back to article Android, Qualcomm move on insecure GPS almanac downloads

Nearly a decade after it introduced assisted-GPS in its mobile chipsets, Qualcomm has squished a bug that allowed miscreants to mess around with people's location services, or crash their phones. In 2007, Qualcomm made GPS signal acquisition faster by using an almanac of satellites. Instead of having to acquire signals blindly …

  1. Anonymous Coward
    Anonymous Coward

    This will be fertile ground for attackers to check

    Given the ease of subverting DNS, and the lack of Android updates to enforce SSL on the majority of the extent Android devices, finding a way to use this to hijack a device would be worth a lot of money.

    This will be one case where you hope the worst they can do is hang the phone...

    1. Adam 1

      Re: This will be fertile ground for attackers to check

      Not sure how that would work. Definitely worth a look, but as I understand it this is just a "try these areas first" collection of data points. That is to say, it can't interfere with the positioning values themselves (via http MitM).

      My old tom tom would take several minutes to find itself; you basically have to drop to that sort of brute force scan.

      It is possible to believe that a malformed file could be misprocessed causing a buffer overflow or equivalent. Seriously though, if you want an easy way to pwn most android handsets, write a simple app with two threads, activate copy on write, load an executable owned by root and .... you know what, I'm not doing your homework, this isn't stack overflow here...

  2. Hans Neeson-Bumpsadese Silver badge

    Just phones?

    I wonder if the described vulnerability could be applied to other devices which use the same chipset....thinking about tracking devices like employers use to monitor the location of their vehicle fleet, car insurance 'black box' devices, etc

  3. Gene Cash Silver badge

    This is bogus

    Google says it "could hang devices" HOW? That's bullshit. I could understand how it could hang a really shite app (are there any others?) but not the device.

    As the article says, all it can do is screw the GPS init. Plus after a while, it gets ignored as the GPS goes into "cold start" where it goes "OK I really don't know where I am" and starts from scratch acquiring the satellites (which can take 3 or 4 minutes)

    Plus the GPS assistance almanac only covers the US GPS satellites. Modern GPS chipsets also use the Russian GLONASS & Chinese BEIDOU systems, so they can acquire those.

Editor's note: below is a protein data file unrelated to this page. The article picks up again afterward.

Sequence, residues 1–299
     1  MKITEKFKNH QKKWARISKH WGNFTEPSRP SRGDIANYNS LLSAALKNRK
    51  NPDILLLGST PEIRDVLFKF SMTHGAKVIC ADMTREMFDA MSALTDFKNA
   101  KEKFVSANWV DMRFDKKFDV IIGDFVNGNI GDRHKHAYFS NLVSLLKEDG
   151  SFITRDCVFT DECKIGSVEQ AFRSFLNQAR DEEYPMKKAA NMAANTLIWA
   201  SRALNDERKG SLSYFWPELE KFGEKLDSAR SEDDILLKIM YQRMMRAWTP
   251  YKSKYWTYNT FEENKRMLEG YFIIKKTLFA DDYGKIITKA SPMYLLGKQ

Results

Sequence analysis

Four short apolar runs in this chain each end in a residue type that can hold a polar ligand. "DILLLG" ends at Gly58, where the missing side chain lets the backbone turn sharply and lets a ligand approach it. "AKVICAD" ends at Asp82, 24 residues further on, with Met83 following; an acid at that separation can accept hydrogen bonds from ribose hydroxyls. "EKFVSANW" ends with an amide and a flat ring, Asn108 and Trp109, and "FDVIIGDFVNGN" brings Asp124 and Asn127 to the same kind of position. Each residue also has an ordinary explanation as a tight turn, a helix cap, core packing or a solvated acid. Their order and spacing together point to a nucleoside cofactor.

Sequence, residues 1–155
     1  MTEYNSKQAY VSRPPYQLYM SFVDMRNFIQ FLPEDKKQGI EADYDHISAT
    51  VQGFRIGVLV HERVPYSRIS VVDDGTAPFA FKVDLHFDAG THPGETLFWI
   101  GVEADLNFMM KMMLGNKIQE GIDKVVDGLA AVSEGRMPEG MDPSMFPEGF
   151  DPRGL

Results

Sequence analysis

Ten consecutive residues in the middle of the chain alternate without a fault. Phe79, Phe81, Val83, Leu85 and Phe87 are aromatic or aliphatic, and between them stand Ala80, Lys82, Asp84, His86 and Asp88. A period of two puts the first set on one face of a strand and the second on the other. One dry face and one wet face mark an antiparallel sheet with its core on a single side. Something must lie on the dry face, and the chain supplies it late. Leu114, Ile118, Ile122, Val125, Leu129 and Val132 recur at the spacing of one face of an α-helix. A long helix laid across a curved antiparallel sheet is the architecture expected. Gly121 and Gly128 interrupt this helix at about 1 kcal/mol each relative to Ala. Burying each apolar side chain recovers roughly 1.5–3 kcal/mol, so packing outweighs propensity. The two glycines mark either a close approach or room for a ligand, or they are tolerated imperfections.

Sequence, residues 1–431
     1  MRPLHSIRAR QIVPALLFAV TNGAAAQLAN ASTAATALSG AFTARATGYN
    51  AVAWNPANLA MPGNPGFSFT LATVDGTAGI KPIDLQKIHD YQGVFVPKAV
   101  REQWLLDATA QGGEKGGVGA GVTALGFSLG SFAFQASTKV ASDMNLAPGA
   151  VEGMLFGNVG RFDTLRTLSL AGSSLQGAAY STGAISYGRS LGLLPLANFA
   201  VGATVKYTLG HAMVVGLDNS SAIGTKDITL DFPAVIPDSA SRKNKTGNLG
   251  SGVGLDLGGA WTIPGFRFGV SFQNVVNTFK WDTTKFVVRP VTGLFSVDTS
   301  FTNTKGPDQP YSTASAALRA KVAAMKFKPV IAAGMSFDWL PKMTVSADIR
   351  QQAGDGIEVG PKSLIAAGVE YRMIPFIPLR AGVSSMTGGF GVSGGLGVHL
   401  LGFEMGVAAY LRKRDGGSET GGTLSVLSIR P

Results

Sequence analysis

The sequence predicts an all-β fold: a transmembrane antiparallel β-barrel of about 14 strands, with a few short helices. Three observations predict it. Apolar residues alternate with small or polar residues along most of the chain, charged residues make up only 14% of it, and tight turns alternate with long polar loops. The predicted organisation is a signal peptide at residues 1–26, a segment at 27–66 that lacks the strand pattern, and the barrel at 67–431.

If you use this app: the GPS sats are circles, GLONASS are squares, and BEIDOU are triangles. My Nexus 6P and old Moto G (3G) can use GLONASS.

    1. Anonymous Coward
      Anonymous Coward

      Re: This is bogus

      I think I would believe Google over you. Why would THEY claim something can hang an Android phone if it actually can't? If it was some random security researcher then maybe your skepticism would be warranted, but it is easy to imagine that if the tables are crafted correctly it could put the assisted GPS function into a loop or something that the OS doesn't recover from since it is assuming the tables are properly formatted.

      Use of other standards is nothing new, I think Apple has used Qualcomm chipsets that supported GLONASS since the 4 or 4S, and I'm sure Android from a similar time frame at least in leading edge devices using the same chipsets. That can make it a bit faster to get a proper GPS fix in a place where your view of the sky is obscured (i.e. tall buildings) but doesn't do squat for you if you don't have a view of the sky at all, like when you inside a building with too much between you and the roof. Maybe the assisted GPS needs to take alternate sources into account as well.

      There's also whatever the Euro solution will use, so someday we'll have four independent methods of determining a position fix, so the algorithms could be improved to throw out one that looks bogus (i.e. if the US blocked GPS in a certain area, the EU might join them but Russia and China are unlikely to do so as well)

  4. Anonymous Coward
    Anonymous Coward

    There's the rub

    "owners of other 'droids have to wait until their OEMs roll out updates."

    In other words; good luck, Charlie. Your Sammy is F-ed in the A.

    My Sammy does one thing now; Kodi remote. And even then I don't completely trust it, so when not doing remote duty it's off the fucking net. Period. The segmentation of the Android market is a joke. You have but one alternative, unless you are a crying, whiny little Windows-only admin from the 80s. Then you're F-ed in so many other ways. :)

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